Court is now in session, and author Robert J. Sawyer makes the case for leveraging AI to improve ethics and fairness in civil society. With 23 novels under his belt, as well as scores of short stories, scripts, treatments and more, Hugo and Nebula Award-winning author Robert J. Sawyer is not shy about exploring the technological and cultural landscape of our future. Among the many works in his remarkable and widely regarded career, he authored the trilogy WWW (as in Wake, Watch and Wonder) in which a blind teenage girl uses advanced medical technology to augment her vision, only to discover a super-AI consciousness called Webmind that uses the Internet to grow. During the series, Sawyer investigates the possible consequences that such a super-AI could unleash upon society, and how humans might respond. For his perspective on how humanity might relate to future artificial intelligences and what shape those interactions may take, we asked Sawyer about the dynamics of judgment and control; he also shared his overall sentiment on AI development.
It was a striking story. "Machine Bias," the headline read, and the teaser proclaimed: "There's software used across the country to predict future criminals. And it's biased against blacks." ProPublica, a Pulitzer Prize–winning nonprofit news organization, had analyzed risk assessment software known as COMPAS. It is being used to forecast which criminals are most likely to reoffend.
The most recent episode of Rotten Tomatoes' new movie-review series, See It/Skip It, opened not with a rave, nor a thumbs-down, but a semi-apology. "We've seen the conversations online about the Justice League Tomatometer," co-host Jacqueline Coley told her Facebook Watch audience, "and we get it: You guys are passionate about this film. But we hope everyone understands the only thing we're trying to do is add context and conversation around the Tomatometer, and not just give a number."
One day, 16 hours, 10 minutes and 0 seconds – that's how much time Warner Bros. is allowing between the embargo lift on reviews for Justice League and its first public screenings. And if history tells us anything, that means the most ambitious DC Extended Universe film to-date could also be among its worst-reviewed. SEE ALSO: 17 infuriating, logic-defying plot holes in'Batman v Superman' A couple of months ago, we took a look at the relationship between critics' embargo times and release dates (as well as other studio marketing behavior) and found a striking correlation: When they allow more than two full days for critical consensus to gather, the scores tend to be fresh (above 60%). And as you can see in our chart (at the bottom of this post), the scale slides in both directions. The embargo for Justice League reviews lifts Wednesday, November 15 at 2:50 a.m.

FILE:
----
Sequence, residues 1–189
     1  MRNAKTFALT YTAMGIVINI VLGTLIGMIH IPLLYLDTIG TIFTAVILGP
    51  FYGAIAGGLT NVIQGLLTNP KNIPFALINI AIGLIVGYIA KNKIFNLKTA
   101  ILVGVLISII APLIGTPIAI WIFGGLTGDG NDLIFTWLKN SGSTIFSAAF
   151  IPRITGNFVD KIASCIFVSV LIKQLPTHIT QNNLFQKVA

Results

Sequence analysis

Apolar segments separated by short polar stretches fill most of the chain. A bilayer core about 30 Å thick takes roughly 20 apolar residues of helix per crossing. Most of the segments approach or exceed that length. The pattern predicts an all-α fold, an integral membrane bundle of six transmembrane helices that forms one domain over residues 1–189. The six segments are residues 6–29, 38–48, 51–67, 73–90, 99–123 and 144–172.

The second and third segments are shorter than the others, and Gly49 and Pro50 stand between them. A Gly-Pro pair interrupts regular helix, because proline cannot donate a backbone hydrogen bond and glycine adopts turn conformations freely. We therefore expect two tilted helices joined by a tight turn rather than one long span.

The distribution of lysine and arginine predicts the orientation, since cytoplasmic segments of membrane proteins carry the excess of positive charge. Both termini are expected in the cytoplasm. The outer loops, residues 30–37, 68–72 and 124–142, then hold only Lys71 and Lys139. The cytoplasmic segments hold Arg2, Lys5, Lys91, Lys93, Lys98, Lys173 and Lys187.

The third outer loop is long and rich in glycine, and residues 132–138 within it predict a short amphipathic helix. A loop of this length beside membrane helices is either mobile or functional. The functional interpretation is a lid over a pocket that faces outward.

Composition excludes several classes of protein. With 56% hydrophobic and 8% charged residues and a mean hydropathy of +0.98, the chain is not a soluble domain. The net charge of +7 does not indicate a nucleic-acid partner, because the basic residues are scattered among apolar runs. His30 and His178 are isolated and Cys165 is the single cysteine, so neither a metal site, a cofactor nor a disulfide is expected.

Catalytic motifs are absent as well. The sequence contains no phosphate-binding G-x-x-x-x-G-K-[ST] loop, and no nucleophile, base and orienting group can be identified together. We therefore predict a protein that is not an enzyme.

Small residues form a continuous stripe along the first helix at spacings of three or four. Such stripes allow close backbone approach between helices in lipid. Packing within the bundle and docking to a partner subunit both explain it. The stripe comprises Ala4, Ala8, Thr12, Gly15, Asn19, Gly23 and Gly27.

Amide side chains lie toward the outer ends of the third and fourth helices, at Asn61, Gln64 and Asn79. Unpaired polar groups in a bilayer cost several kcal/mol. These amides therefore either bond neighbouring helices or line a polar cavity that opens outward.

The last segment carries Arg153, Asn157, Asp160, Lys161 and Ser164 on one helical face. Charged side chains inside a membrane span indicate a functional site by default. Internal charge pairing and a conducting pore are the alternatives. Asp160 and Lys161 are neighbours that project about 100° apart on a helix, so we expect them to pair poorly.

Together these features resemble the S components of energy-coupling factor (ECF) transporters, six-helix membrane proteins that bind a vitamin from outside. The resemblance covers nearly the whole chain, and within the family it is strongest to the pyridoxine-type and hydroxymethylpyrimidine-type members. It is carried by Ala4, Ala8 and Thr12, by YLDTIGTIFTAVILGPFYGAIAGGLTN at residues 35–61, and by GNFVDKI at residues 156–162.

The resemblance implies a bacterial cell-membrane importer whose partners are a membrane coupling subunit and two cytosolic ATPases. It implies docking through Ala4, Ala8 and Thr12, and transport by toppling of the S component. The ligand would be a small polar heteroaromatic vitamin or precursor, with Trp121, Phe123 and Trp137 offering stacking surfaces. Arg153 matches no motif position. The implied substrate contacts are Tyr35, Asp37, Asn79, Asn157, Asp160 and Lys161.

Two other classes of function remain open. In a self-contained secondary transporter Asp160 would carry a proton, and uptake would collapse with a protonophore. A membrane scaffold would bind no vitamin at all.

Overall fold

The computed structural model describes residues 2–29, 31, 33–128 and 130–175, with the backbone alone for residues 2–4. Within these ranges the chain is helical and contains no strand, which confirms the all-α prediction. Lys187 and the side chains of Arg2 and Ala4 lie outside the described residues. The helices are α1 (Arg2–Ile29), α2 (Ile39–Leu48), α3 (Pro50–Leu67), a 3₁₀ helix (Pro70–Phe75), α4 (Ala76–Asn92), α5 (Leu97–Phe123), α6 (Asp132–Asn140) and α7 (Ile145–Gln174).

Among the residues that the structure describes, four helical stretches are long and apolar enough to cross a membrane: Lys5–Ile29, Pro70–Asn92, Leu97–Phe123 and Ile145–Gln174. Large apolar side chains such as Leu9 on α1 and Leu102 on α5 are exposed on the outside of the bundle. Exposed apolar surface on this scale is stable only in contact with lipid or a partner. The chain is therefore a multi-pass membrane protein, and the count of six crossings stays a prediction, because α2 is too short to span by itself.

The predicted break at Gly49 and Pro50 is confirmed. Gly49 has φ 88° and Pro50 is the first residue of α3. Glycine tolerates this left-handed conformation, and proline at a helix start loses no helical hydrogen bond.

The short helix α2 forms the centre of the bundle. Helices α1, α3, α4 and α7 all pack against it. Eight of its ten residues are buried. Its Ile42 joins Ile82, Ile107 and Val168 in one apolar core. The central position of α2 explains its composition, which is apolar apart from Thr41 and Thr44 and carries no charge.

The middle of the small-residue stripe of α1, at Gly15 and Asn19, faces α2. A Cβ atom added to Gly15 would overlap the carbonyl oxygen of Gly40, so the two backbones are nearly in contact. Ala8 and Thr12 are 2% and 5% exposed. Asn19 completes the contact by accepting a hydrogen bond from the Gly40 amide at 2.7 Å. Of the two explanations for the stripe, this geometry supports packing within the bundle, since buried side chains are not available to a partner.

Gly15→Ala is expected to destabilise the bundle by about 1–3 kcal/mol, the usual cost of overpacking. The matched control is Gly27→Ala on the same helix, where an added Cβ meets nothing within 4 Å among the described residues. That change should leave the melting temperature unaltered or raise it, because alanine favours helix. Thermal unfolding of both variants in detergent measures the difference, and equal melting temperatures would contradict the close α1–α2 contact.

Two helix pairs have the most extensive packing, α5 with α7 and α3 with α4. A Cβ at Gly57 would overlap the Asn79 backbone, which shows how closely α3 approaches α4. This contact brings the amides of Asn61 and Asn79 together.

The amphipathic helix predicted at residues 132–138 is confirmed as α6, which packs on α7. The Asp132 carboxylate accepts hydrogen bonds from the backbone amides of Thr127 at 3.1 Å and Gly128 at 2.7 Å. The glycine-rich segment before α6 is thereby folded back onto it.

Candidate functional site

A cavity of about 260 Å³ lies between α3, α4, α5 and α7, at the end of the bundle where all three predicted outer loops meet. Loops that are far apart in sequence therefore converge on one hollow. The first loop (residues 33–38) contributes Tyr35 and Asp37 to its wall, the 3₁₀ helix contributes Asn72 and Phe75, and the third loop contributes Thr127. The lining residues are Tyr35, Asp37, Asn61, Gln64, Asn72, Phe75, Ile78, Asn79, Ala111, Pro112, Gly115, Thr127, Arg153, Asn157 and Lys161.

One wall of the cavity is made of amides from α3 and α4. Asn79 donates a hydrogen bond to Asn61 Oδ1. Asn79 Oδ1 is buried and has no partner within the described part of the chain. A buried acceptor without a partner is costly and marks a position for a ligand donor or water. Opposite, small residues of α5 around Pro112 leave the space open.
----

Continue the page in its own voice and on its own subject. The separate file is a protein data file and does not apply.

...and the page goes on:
Are loving movie reviews and reading their Rotten Tomatoes ratings mutually exclusive? Apparently, according to Rush Hour director Brett Ratner, who recently spoke with Entertainment Weekly about his hatred of the latter. "The worst thing that we have in today's movie culture is Rotten Tomatoes," said Ratner, whose company helped finance the famously panned Batman v Superman: Dawn of Justice (he also directed X-Men: The Last Stand -- never forget). "I think it's the destruction of our business." "Now it's about, 'What's your Rotten Tomatoes score?'" he added later, referring to how movie reception has changed over time.
My academic background is in computer science and philosophy. My work has been about the relationship between those two fields. What do we learn about being human by thinking about the quest to create artificial intelligence? What do we learn about human decision making by thinking of human problems in computational terms? The questions that have interested me over the years have been, on the one hand, what defines human intelligence at a species level? And secondly, at an individual level, how do we approach decision making in our own lives, and what are the problems that the world throws at us? I find myself interested at the group level, the society level, and the civic level in a couple of different ways. I've been encouraged by what I've seen over the last few years in terms of the norms of the sciences changing. It used to be that people were scared to publish their models because that was the secret sauce; that was their advantage over other research groups.
Marvel's release of Captain America: Civil War is the most recent superhero movie to blow up the box office. Rotten tomatoes gave it a 90 percent rating, and it had the fifth highest domestic opening in history at 181.8 million. That got me thinking about how much we not only love but also need superheroes in our lives. They use their superhuman powers to protect the innocent or vulnerable people of our society, and we love that ideal. We can't get enough of it.